- The arms should be kept straight with muscles actively engaged while holding the posture.
- Half Lord of the Fishes Pose (Ardha Matsyendrasana)
- Reclining Hand-to-Big-Toe Pose (Supta Padangusthasana
- Corpse Pose (Shavasana)
- Wind Relieving Pose (Pawanmuktasana)
One can simplify the chakrasana pose by modifying the pose using props below;
- Yoga strap – Binding a yoga strap around the thighs is a helpful prop for the beginners. While raising the body off the floor in chakrasana, the yoga strap prevents the splaying of the knees and thighs.
- Yoga Wheel – You can bend backward by arching the back on the wheel to perform the pose. It helps in maintaining the arch in the back and aids in balancing the body.
- Chair – Sit on the floor with bent knees and the edge of the chair against the upper back. Bend your arms at the elbows grabbing the upper part of the chair with hands. Now, lift your hips off the floor adjusting the legs. Also, raise the upper body off the chair straightening the hands and lifting the heels to attain backbend.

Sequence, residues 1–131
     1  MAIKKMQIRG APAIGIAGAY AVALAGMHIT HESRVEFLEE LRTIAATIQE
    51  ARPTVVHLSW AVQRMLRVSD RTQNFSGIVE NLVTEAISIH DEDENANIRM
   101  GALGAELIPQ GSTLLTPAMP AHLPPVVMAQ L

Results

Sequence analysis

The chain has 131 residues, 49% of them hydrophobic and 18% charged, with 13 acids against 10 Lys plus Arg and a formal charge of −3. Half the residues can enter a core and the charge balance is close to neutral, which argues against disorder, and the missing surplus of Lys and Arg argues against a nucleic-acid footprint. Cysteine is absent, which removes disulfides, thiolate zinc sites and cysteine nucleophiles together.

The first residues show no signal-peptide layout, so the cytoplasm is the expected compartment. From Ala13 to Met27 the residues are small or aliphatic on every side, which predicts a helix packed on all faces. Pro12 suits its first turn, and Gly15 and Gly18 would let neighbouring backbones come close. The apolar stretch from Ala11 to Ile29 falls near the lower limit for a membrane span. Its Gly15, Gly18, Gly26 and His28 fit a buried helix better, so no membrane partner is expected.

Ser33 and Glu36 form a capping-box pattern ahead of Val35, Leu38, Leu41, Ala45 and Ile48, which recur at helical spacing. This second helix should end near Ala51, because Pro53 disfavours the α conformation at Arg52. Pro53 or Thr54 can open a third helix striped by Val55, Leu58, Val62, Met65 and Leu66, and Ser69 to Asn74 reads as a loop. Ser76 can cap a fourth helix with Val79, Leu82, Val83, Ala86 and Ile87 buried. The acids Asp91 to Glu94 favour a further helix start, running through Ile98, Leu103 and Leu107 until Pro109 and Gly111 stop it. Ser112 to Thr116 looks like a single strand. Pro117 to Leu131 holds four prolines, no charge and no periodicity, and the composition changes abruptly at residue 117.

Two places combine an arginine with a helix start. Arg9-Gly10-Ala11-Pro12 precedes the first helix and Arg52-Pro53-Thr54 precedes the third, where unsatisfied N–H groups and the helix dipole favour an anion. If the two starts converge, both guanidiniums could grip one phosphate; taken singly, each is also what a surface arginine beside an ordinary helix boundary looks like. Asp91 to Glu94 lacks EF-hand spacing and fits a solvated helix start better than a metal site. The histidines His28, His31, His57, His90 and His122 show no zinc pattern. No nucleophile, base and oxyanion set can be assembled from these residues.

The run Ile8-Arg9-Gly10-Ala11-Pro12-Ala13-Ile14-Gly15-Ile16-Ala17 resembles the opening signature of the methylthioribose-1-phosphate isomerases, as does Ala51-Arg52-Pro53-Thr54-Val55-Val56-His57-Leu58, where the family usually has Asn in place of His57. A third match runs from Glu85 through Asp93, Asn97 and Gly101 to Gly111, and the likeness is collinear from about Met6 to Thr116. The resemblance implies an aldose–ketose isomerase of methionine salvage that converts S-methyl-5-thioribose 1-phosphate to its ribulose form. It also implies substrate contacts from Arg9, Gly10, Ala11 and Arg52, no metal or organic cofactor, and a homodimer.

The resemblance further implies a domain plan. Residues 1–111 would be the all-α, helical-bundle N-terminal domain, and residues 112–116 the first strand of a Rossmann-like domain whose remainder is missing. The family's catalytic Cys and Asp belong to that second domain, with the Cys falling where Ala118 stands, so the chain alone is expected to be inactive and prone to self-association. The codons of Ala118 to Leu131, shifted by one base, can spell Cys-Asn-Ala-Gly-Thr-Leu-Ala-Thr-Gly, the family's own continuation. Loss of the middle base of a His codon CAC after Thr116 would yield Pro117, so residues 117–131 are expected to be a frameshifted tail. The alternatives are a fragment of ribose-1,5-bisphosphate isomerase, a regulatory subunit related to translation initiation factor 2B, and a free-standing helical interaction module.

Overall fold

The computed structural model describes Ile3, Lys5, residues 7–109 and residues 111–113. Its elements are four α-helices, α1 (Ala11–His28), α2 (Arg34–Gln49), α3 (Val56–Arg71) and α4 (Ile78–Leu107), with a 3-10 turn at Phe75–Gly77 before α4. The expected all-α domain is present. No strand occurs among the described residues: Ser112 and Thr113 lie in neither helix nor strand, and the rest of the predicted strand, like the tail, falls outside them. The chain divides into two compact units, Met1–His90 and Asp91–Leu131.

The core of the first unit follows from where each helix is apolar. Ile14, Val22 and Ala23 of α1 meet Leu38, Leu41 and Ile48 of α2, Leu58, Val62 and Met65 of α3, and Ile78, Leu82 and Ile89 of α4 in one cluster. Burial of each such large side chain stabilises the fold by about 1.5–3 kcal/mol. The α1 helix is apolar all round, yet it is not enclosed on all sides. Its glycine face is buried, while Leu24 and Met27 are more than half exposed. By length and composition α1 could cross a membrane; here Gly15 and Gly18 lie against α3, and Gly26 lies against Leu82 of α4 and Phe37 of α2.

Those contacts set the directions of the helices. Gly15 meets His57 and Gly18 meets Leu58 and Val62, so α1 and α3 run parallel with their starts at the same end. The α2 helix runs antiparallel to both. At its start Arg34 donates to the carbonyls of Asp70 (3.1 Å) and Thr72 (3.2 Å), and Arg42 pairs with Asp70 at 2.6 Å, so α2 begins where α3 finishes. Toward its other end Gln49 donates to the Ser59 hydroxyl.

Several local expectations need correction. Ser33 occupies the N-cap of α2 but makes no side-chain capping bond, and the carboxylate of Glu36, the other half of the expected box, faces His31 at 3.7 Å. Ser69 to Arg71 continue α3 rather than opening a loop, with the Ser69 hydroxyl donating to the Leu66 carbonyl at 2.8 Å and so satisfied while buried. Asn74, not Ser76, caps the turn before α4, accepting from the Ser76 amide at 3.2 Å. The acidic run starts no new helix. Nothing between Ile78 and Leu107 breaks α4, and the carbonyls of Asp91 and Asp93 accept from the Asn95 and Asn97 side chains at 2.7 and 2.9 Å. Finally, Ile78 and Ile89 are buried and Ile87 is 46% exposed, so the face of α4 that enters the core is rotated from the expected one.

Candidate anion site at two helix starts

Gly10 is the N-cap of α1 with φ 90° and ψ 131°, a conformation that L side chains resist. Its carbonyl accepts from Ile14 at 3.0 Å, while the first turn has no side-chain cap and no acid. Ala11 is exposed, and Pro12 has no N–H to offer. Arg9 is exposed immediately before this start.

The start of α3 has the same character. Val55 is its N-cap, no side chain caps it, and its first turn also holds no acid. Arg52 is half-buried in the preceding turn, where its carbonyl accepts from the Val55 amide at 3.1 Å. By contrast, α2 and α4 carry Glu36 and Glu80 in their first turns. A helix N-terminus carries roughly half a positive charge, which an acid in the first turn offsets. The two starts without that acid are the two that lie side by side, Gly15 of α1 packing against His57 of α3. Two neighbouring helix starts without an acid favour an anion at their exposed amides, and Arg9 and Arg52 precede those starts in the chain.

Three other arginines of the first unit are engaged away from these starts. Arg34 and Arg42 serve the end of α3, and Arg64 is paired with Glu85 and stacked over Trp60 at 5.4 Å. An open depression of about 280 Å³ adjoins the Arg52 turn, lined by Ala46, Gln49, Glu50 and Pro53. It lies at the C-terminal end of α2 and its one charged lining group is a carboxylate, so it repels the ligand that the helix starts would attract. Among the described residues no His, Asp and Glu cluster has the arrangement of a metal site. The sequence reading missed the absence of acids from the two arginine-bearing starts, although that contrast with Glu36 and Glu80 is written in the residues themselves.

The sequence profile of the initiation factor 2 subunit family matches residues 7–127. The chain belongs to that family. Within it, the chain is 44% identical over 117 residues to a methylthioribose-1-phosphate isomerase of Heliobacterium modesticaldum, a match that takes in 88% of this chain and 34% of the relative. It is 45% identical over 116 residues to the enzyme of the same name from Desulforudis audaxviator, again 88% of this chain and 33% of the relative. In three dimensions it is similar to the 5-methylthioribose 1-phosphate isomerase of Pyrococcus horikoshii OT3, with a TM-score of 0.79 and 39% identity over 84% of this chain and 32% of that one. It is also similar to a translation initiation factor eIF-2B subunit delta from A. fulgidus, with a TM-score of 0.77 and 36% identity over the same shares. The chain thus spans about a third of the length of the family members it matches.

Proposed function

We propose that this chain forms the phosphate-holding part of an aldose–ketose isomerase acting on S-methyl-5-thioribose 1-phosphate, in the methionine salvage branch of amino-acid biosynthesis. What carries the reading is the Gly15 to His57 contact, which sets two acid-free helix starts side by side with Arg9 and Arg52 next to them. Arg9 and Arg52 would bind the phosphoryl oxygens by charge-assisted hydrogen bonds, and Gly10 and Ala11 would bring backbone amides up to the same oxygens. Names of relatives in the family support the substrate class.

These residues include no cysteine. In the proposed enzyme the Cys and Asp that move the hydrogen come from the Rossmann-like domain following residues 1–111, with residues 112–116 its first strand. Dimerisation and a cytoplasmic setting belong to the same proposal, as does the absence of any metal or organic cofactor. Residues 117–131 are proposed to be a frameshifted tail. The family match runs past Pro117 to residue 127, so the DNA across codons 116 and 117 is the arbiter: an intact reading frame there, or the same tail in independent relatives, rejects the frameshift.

- Yoga blocks – You can place yoga blocks under your palms while raising the body. This will ease the pose beginning either by lying on the floor or moving into a backbend from standing pose.
- Against a wall – Stand against a wall on your back. Raise the arms with an arch on the back to reach the wall with fingers facing the floor. Start walking the palms downward to finally reach the floor.
- Eka pada urdhva dhanurasana – It is an advanced variation of this pose. After attaining chakrasana, start lifting one leg off the floor and straighten it to with toes pointing to the ceiling. The body is balanced on both the arms and one leg.